Declarations of regret from various celebrities regarding content aired years or even decades ago have become so commonplace that only the core Twitter cultural commentary base would appear to still be paying attention. For the average consumer, of which this writer is one, the collected masses of apologetic headlines have long since merged into a single unit, its component parts impossible to distinguish from one another. Yet the development of celebrities censoring their own content from the past, despite being under no pressure to do so, is an interesting development. Conservative commentator Daisy Cousens recently made an astute observation that helps to explain matters: there is money to be made.
Relative to the grand pay cheques doled out at the point of airing, royalties yielded from a handful of nostalgic viewers on internet streaming service are normally tiny. But the situation of late is different for DVD sales. Cancellations and amendments caused DVD sales of Little Britain and Gone with the Wind, among other titles, to soar. Cousens reports that sales of Little Britain’s series one on Amazon went up 125,460%; even series three came in just under the 100,000% mark. Just one day after HBO MAX pulled Gone with the Wind, the 1939 release was atop of the Amazon bestseller list for TV, DVD and Movies. Not bad going for a film supposedly so problematic that a streaming service would wish to remove it, hoping the decision would placate a small band of online activists. Perhaps the sales spike helped to ply the decision makers at HBO with enough courage to reinstate the film. So, as the old line goes, just follow the money. More television and movie creators have been at it, again causing this writer to mentally combine every headline, hastily stuffing them into a mental box.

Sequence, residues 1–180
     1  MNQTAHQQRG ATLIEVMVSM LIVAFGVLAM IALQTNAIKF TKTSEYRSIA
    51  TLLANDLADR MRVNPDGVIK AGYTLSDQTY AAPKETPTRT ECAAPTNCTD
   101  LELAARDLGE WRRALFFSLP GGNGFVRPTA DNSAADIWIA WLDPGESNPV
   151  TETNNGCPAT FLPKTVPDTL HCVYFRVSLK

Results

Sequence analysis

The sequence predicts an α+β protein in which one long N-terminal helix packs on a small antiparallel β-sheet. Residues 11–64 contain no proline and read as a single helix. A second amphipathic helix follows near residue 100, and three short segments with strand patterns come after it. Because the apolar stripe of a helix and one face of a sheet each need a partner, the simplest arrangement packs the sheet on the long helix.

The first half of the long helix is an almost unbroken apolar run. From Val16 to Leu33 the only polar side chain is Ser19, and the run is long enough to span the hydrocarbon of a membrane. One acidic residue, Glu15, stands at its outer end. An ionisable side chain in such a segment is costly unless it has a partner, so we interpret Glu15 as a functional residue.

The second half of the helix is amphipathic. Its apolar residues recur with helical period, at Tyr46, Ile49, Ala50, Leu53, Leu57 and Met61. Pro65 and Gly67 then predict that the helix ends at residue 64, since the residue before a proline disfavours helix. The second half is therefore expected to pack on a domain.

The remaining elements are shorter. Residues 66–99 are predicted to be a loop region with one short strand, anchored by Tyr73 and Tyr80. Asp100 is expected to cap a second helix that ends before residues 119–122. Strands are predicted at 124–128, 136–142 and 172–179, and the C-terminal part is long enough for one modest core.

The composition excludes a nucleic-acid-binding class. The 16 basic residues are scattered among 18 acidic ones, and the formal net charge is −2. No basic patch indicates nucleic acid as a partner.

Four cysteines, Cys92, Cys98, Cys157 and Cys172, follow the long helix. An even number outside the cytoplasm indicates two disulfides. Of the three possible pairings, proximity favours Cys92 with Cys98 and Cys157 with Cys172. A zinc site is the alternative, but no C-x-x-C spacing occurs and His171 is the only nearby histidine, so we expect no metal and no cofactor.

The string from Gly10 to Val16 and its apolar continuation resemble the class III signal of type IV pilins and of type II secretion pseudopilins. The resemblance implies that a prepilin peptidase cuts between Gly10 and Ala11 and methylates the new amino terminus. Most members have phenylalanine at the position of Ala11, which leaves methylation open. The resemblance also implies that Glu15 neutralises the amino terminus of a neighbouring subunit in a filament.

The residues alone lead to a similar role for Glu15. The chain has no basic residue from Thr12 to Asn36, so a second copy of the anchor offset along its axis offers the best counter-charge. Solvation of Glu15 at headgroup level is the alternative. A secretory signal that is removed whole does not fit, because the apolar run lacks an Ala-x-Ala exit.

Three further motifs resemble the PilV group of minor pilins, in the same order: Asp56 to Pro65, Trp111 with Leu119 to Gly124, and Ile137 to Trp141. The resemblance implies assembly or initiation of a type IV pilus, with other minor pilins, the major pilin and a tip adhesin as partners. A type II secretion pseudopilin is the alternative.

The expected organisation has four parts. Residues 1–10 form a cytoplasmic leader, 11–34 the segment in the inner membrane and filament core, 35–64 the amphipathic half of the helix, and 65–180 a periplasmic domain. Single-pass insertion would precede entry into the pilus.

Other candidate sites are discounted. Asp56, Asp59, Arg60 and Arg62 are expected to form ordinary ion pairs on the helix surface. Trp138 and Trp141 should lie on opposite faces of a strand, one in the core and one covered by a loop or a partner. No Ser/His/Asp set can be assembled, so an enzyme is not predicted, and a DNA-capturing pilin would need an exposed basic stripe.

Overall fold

But there is more to it than money. The sudden desire to refocus attention on supposedly ‘problematic’ content even Twitter mobs had long since forgotten about suggests another force is at play beyond money: stars may be engaging in this behavior to remind normal people of their best works, work which often gained traction by pushing the limits of what was socially acceptable. It may very well be that the most recent disavowals are a sign that longstanding entertainers in the TV and film industry know the ‘woke’ agenda is quietly killing creativity—something online commentators have been saying for quite some time. Like a school child who has just got away with an egregious breaking of the rules, the temptation is to tell everyone about it rather than be silent. And that is what so many celebrities are now doing; reminding their audiences of how naughty they were, and therefore how naughty they could still be, while playing to the social justice gallery who remain highly influential to the major decision makers in the industry.
Ultimately, the whole affair could soon become a disaster for the censorious instincts of political activists. In removing material, either voluntarily or under pressure, the true modern-day audience for shows such as Little Britain is now known. Netflix, Amazon and other subscription services do not have to pander to advertisers seeking to protect carefully crafted brand images before the public. Streaming platforms can be naughty. They can be everything the Twitter mobs hate. And now, thanks to soaring DVD sales of supposedly disapproved content, the amount of money to be made from abandoning cancel culture is obvious. Though many more struggles must be had to restore creativity in media, recent events may eventually be looked back on as a turning point.